Most economists agree that spending stimulates the economy. But that'ês not the same as thinking that any stimulus spending is a good idea. Clearly that'ês not the case. It is possible to spend ourselves into an even worse pickle than we'êre already in.
Most people would agree that spending stimulus dollars to create poppy plantations to support the domestic heroin trade would be unwise, no matter how many jobs it created. And yet, a significant portion of federal stimulus spending is slated to support a different kind of hazardous addiction: our addiction to oil. For instance, Texans are planning to use some of their stimulus money to build a new 15-mile, 4-lane toll road beyond Houston'ês suburbs, paving over a rare native prairie in the process.
Planners there don'êt worry about the risk of creating more car-dependent sprawl. In fact, that'ês precisely the point of the project: to build a new 'êmaster planned'ê community of 21,000 houses on more than 11,000 acres. At an average density of roughly one house per half-acre, and located on the fringe of the Houston orbit, the project could scarcely be better designed to lock locals into a car-dependent lifestyle built on long-distance commutes for work and errands.
Texas'ê stimulus spending is the opposite of what Northwest policymakers profess: energy efficiency, growth management, and combating climate change. But in a surprise move in early March, Gov. Chris Gregoire signed into law a package of spending commitments for the state'ês federal stimulus dollars for transportation. Among the roughly $340 million in spending was about $81 million for freeway-widening projects.
Of that money, $71 million will be used to add general-purpose lanes along I-405 near Bothell and on I-82 in Yakima. Neither of these areas currently has high accident rates nor do the expansions have obvious safety implications. More puzzling still, both projects were already funded by state gas tax money. Strictly speaking these freeway expansion projects should have been ineligible for stimulus money, which is intended only for new projects. Additionally, the package set aside $10 million for general-capacity expansion near Ridgefield, north of Vancouver, Washington.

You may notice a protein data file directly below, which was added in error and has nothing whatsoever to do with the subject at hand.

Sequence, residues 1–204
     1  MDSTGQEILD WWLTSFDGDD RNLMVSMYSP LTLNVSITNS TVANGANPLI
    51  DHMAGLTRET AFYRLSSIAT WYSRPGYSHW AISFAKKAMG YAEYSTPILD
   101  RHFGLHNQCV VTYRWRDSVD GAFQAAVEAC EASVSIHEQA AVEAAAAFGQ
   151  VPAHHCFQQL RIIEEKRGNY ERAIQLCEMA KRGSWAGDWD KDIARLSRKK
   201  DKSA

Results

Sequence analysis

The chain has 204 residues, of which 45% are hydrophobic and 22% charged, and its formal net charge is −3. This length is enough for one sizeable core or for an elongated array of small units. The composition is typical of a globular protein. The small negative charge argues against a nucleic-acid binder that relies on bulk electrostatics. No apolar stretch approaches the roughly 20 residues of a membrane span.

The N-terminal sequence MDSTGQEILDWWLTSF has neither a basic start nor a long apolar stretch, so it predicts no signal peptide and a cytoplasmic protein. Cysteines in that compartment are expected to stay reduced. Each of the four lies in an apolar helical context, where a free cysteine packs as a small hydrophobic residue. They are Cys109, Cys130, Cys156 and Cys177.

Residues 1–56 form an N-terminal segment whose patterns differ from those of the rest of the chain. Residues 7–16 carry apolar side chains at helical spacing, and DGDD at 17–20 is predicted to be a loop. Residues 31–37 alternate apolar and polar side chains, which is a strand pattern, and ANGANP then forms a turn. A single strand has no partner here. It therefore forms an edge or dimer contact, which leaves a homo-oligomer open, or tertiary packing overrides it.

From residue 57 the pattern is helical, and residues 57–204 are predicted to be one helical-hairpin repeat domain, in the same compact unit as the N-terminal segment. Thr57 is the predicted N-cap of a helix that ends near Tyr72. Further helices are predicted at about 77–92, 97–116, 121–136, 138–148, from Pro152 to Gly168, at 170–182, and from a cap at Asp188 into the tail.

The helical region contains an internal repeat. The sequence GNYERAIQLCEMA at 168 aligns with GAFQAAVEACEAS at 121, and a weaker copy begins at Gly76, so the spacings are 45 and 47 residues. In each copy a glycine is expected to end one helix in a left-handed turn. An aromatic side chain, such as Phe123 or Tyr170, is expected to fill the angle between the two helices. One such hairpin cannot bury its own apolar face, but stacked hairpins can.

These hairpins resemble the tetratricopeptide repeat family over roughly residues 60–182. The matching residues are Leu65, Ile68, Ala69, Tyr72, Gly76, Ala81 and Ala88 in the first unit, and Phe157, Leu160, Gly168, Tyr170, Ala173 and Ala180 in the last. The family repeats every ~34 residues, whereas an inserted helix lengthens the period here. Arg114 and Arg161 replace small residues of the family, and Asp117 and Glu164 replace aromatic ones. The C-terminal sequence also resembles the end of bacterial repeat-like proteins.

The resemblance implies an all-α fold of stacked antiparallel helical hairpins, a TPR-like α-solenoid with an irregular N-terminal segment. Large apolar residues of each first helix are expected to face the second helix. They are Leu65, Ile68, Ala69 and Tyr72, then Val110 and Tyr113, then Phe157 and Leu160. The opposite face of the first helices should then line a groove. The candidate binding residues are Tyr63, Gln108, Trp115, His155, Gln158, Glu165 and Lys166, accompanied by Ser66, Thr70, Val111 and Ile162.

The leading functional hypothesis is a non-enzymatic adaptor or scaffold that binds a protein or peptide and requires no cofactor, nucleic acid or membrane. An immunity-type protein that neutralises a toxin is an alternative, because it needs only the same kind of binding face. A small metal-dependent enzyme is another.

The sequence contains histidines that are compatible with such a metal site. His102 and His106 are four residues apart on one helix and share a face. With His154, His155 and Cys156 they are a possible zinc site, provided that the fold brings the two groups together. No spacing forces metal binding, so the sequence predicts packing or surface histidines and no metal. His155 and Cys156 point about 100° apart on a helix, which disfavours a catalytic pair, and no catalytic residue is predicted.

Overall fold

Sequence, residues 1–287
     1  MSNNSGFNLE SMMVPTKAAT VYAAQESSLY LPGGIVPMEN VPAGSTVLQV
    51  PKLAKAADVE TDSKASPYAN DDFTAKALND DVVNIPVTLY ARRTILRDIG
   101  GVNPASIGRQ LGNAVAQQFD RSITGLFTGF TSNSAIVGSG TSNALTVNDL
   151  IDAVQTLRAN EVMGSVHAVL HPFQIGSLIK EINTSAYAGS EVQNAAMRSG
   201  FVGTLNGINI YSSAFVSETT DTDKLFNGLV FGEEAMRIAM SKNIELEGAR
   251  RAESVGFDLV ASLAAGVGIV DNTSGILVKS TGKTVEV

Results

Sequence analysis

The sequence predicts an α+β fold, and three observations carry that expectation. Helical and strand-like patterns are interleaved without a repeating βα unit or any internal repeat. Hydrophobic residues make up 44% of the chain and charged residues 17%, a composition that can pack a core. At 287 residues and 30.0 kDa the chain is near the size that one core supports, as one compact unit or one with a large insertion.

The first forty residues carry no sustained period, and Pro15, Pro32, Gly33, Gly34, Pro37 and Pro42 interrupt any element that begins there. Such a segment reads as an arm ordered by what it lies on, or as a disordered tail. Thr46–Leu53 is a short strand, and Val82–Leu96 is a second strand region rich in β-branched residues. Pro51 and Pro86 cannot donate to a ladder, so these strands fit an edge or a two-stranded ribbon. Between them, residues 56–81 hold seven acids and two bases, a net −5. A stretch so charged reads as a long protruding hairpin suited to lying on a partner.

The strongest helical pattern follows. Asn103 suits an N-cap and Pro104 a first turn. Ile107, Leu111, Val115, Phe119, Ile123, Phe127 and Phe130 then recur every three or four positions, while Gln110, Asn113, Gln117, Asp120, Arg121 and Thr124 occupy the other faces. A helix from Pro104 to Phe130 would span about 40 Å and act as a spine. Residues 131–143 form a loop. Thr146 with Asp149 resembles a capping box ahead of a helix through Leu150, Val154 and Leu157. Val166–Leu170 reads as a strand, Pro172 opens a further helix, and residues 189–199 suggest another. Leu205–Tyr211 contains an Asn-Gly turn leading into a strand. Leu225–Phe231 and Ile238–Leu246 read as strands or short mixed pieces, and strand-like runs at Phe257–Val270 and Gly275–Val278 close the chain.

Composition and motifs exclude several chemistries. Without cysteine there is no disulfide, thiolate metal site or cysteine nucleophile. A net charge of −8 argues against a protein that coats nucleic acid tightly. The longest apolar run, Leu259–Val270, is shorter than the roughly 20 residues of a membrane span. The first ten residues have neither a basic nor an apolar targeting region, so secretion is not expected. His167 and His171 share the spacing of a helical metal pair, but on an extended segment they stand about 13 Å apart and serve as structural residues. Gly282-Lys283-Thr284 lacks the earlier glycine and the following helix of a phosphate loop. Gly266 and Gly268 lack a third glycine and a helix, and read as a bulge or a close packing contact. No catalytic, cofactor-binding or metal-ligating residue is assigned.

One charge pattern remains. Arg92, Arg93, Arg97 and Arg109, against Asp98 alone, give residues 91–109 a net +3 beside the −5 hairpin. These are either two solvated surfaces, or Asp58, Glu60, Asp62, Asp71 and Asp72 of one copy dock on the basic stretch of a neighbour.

Adding single-occupancy and general-capacity lanes is inimical to reduction of vehicle miles traveled, growth management, and efforts to reduce greenhouse gas emissions. You don't need a fancy traffic model to guess that adding freeway lanes will increase climate emissions and deepen our dependence on fossil fuels — while providing no more convenience or transportation choices to local residents.
Using stimulus money to add lanes is irresponsible from a fiscal perspective as well. Even in rosier economic times, states struggle to keep up with maintenance backlogs. Why spend stimulus money on road expansion which increases ongoing operational and maintenance costs and leaves the backlog to grow?
The problem of road-heavy stimulus spending appears widespread. The stimulus spending will almost certainly create jobs in the near term and boost consumer spending, precisely what it is intended to do. The real danger is that this kind of spending will land us in a worse long-term position because we will have effectively walled off the escape routes from a serious energy-addiction problem. Our energy problems are also closely linked to the defining challenge of our time: reducing global warming emissions before climate change creates too much havoc. We should not use stimulus money to build Oil Age infrastructure. It'ês 2009 not 1909.
The economist John Maynard Keynes noted wryly that simply burying bottles full of money and letting private enterprise pay a workforce to dig them up would stimulate the economy. Odd as it sounds, Keynes' proposal might be good deal smarter than spending our money to tighten our economy'ês bonds to climate-changing emissions and to the roller coaster of fossil fuel prices.